Assessing and mitigating vulnerability chains in model-centric acquisition programs
Author(s)Reid, Jack Burnett
Technology and Policy Program.
Donna H. Rhodes and Daniel E. Hastings.
MetadataShow full item record
Acquisition programs increasingly use model-centric approaches, generating and using digital assets throughout the lifecycle. Model-centric practices have matured, yet in spite of sound practices there are uncertainties that may impact programs over time. The emergent uncertainties (policy change, budget cuts, disruptive technologies, threats, changing demographics, etc.) and related programmatic decisions (e.g., staff cuts, reduced training hours) may lead to cascading vulnerabilities within model-centric acquisition programs, potentially jeopardizing program success. Program managers are increasingly faced with novel vulnerabilities. They need to be equipped with the means to identify model-centric program vulnerabilities and determine where interventions can most effectively be taken. In this research, Cause-Effect Mapping (CEM), a vulnerability assessment technique, is employed to examine these vulnerabilities. Using a combination of literature investigation, expert interviews, and usability testing, a CEM is created to represent the novel vulnerabilities posed by model-centric practices in acquisition programs. Particular attention is paid to cybersecurity vulnerabilities, which pose a serious threat to the successful implementation of model-centric practices. From this CEM, key gaps in program manager knowledge and organizational policies are identified and potential responses proposed.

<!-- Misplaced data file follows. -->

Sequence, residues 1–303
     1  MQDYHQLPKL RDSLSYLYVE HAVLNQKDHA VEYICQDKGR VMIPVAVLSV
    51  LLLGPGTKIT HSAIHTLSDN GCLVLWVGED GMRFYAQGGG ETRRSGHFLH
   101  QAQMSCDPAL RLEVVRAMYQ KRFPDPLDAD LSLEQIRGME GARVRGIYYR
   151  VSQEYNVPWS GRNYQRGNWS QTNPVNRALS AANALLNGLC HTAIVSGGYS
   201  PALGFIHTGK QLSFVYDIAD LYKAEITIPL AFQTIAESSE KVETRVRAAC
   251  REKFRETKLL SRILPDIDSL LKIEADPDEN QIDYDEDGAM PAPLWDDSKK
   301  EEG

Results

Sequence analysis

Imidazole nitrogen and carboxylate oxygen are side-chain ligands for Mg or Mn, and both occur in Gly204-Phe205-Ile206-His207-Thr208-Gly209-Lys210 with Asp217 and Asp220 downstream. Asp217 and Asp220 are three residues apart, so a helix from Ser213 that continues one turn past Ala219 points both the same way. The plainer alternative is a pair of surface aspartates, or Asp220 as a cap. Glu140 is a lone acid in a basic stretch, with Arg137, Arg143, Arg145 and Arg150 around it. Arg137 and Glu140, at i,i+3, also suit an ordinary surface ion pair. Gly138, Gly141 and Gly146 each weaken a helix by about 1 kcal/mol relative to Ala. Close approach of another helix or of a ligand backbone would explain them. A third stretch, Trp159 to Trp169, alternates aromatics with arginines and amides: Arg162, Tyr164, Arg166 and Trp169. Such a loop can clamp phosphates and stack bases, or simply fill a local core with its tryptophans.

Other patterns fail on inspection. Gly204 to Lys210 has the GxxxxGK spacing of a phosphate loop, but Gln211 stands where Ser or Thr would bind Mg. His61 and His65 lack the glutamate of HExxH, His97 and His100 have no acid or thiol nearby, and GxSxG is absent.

Thesis: S.M., Massachusetts Institute of Technology, Department of Aeronautics and Astronautics, 2018.Thesis: S.M. in Technology and Policy, Massachusetts Institute of Technology, School of Engineering, Institute for Data, Systems, and Society, Technology and Policy Program, 2018.This electronic version was submitted by the student author. The certified thesis is available in the Institute Archives and Special Collections.Cataloged student-submitted from PDF version of thesis.Includes bibliographical references (pages 143-157).
DepartmentMassachusetts Institute of Technology. Department of Aeronautics and Astronautics; Massachusetts Institute of Technology. Engineering Systems Division; Massachusetts Institute of Technology. Institute for Data, Systems, and Society; Technology and Policy Program
Massachusetts Institute of Technology
Aeronautics and Astronautics., Institute for Data, Systems, and Society., Engineering Systems Division., Technology and Policy Program.